Right-to-work law just a ploy to hob­ble unions, Democrats

Austin American-Statesman - - BALANCED VIEWS - From the left Mon­day Tues­day Wed­nes­day Thurs­day JEFF KOWALSKY / BLOOMBERG Gold­man is the au­thor of‘the Sci­ence of Set­tle­ment: Ideas for Ne­go­tia­tors.’he wrote this for the Los An­ge­les Times. Fri­day Satur­day Sun­day

I’m

a 60-year-old lawyer and part­time law pro­fes­sor. Chant­ing slo­gans is not my pre­ferred method of dis­course. But on Tues­day, I was in the streets of Lans­ing, Mich., march­ing and chant­ing my­self hoarse.

I make my liv­ing as a la­bor ar­bi­tra­tor. I’ve spent the last 20 years sit­ting as a neu­tral third party in dis­putes be­tween em­ploy­ers and unions. It is an ad­ver­sar­ial sys­tem, and dis­cus­sions are of­ten heated. But the sys­tem works be­cause the par­ties meet as equals. It wouldn’t work if ei­ther party were able to dom­i­nate. That bal­ance is be­ing threat­ened.

Both houses of the lame-duck Michi­gan leg­is­la­ture just passed “right-towork” bills. They did it with­out pub­lic hear­ings or de­bate. And they did it now be­cause odds are they won’t have the votes af­ter the first of the year. The gov­er­nor signed the bill.

There is no jus­ti­fi­ca­tion for th­ese bills ex­cept that they are an ef­fort by the Repub­li­can-con­trolled leg­is­la­ture to weaken the la­bor move­ment and cut off oxy­gen to the Demo­cratic Party.

Let’s re­view. So-called right-to-work leg­is­la­tion elim­i­nates the union shop. Un­der cur­rent law in Michi­gan and 26 other states, if the ma­jor­ity of work­ers in a bar­gain­ing unit vote to be rep­re­sented by a union, ev­ery­one in the unit has to pay union dues or an equiv­a­lent fee. No one can take ad­van­tage of the ben­e­fits of union mem­ber­ship with­out con­tribut­ing to its costs. The ef­fect is that or­ga­nized la­bor has both money and po­lit­i­cal troops. And that means there is a po­lit­i­cal bloc in fa­vor of work­ing peo­ple. Most of the sup­port from that bloc goes to Democrats.

Repub­li­cans don’t like that ar­range­ment.

Here’s the Michi­gan gov­er­nor’s state­ment: “We owe much to the la­bor move­ment — the end of child la­bor, the 40-hour work­week, safe work­ing con­di­tions in fac­to­ries and a guar­an­teed min­i­mum wage. The la­bor move­ment is an im­por­tant part of Michi­gan’s fab­ric, and noth­ing about this pro­posal elim­i­nates it.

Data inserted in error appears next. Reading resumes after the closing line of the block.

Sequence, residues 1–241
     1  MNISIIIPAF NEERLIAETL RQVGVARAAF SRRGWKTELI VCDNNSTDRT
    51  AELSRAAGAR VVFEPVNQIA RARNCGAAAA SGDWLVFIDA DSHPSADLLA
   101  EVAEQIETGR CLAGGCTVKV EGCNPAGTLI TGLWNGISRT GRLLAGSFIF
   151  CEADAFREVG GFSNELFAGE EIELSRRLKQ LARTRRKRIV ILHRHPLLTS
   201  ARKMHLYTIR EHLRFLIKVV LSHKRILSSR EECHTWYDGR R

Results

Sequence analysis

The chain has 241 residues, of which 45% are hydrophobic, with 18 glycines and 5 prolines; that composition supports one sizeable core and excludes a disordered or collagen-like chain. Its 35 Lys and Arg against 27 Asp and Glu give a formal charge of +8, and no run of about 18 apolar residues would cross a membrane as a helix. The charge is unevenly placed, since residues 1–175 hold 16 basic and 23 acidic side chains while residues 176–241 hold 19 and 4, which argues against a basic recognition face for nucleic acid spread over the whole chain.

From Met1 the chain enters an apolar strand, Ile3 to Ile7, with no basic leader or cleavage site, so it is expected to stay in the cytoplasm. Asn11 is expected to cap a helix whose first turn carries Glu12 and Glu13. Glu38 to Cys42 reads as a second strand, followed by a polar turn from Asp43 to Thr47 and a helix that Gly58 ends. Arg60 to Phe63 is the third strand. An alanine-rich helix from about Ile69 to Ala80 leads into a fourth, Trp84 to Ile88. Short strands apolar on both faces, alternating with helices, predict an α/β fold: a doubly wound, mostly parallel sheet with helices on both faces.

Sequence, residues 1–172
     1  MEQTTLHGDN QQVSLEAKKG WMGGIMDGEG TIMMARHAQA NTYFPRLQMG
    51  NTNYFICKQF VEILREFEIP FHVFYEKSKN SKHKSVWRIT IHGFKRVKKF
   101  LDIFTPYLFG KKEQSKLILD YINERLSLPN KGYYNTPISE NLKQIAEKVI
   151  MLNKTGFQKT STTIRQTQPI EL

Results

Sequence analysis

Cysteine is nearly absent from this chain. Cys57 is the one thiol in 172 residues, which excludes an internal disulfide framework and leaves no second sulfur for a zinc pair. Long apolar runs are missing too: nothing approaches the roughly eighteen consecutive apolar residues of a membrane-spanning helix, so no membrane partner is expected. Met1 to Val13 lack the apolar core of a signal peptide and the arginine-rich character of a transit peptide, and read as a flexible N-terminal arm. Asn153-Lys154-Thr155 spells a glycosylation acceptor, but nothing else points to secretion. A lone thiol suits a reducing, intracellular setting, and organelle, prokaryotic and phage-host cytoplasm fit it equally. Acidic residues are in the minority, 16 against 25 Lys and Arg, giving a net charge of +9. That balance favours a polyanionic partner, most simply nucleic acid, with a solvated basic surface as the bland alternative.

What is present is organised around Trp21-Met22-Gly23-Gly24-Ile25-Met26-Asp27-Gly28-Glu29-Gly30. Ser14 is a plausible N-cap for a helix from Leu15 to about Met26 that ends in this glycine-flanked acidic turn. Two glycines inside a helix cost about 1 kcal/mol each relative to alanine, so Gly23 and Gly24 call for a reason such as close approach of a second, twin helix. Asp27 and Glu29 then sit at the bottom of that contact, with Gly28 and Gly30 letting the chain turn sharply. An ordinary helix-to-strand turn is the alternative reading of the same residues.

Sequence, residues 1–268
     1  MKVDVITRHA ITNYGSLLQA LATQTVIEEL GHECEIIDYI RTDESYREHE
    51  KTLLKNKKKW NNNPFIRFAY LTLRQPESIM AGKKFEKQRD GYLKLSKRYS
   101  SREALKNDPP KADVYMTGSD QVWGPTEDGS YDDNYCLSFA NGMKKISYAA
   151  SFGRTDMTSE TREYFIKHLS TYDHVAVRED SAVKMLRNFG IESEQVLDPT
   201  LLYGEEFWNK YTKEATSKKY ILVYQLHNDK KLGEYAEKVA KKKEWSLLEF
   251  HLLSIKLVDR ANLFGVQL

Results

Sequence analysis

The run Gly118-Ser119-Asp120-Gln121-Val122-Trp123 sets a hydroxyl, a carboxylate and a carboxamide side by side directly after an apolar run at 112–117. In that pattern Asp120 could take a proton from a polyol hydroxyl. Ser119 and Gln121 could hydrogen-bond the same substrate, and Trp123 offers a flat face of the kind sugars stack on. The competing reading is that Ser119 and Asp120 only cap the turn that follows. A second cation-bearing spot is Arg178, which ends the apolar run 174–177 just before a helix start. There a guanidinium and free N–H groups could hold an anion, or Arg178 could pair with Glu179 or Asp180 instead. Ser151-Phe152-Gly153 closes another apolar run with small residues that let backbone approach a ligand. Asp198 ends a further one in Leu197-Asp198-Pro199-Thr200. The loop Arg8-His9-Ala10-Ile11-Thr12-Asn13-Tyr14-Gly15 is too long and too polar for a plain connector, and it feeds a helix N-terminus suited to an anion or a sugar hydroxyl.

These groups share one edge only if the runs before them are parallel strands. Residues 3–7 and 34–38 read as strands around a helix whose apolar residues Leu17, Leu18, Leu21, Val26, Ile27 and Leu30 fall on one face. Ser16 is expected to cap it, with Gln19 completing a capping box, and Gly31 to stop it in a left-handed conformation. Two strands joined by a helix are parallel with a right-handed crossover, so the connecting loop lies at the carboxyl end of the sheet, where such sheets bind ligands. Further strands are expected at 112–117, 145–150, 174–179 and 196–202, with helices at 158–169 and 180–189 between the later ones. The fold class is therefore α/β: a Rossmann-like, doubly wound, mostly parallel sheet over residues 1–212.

“But we also have an­other great his­tory in our state and our coun­try, and that’s the free­dom of as­so­ci­a­tion — it’s the con­sti­tu­tional right upon which work­ers’ abil­ity to or­ga­nize as unions is founded. Im­plicit in that right, though, is choice — the free­dom to choose to be­long, or not be­long, to a union.”

Let’s sup­pose for a moment that the gov­er­nor be­lieves that state­ment. The la­bor move­ment once did great things, but now we need to con­cen­trate on our equally proud tra­di­tion of free­dom of as­so­ci­a­tion. Fine. But why does the same state­ment by the same gov­er­nor also con­tain this sen­tence: “What’s

Scot Le­high

Paul Krug­man

Dana Milbank

Mau­reen Dowd more, this pro­posal has no im­pact on po­lice or fire unions.”

If free­dom of as­so­ci­a­tion is the prin­ci­ple driv­ing this ef­fort, why are po­lice and fire unions ex­empt? Wouldn’t they too ben­e­fit from “work­place fair­ness and eq­uity”? It doesn’t make sense.

That’s be­cause it is eye­wash. If you un­der­stand that the pur­pose of the bills is to weaken unions and there­fore Democrats, it makes per­fect sense. Po­lice and fire unions are ex­empt be­cause they are po­lit­i­cally con­ser­va­tive. They don’t need “fair­ness and eq­uity” be­cause they sup­port the GOP.

The gov­er­nor’s other ar­gu­ment is that “free­dom to work” will make Michi­gan more com­pet­i­tive. As he put it: “Just like Michi­gan’s nat­u­ral beauty at­tracts tourists from around the coun­try, our eco­nomic con­di­tions at­tract work­ers and busi­nesses, too. But if an­other state can of­fer a bet­ter home, Michi­gan can lose out, no mat­ter how great our state may be. That’s why we must re­main com­pet­i­tive.”

In a visit to Michi­gan on Mon­day, Pres­i­dent Barack Obama called it a “race to the bot­tom.”

If Michi­gan can re­main com­pet­i­tive with In­di­ana by be­com­ing a right-towork state, maybe we could out-com­pete In­di­ana by elim­i­nat­ing worker safety laws. Maybe one day we will be able to of­fer such low wages and taxes, such tooth­less tort law and en­vi­ron­men­tal reg­u­la­tion and such a com­pli­ant Leg­is­la­ture that we will be able to com­pete with Mis­sis­sippi!

This was a sneaky, cyn­i­cal, back­door, lame-duck gim­mick. If th­ese bills are en­acted, the la­bor move­ment in Michi­gan will be rad­i­cally weak­ened, and cap­i­tal will be able to fur­ther dom­i­nate the sys­tem.

Hey hey, ho ho, right-to-work has got to go.

Gail Collins

John Young

Leonard Pitts Scot Le­high will re­turn.

Right-to-work bill pro­test­ers carry signs and a large in­flat­able rat out­side the Capi­tol build­ing in Lans­ing, Mich., on Tues­day.

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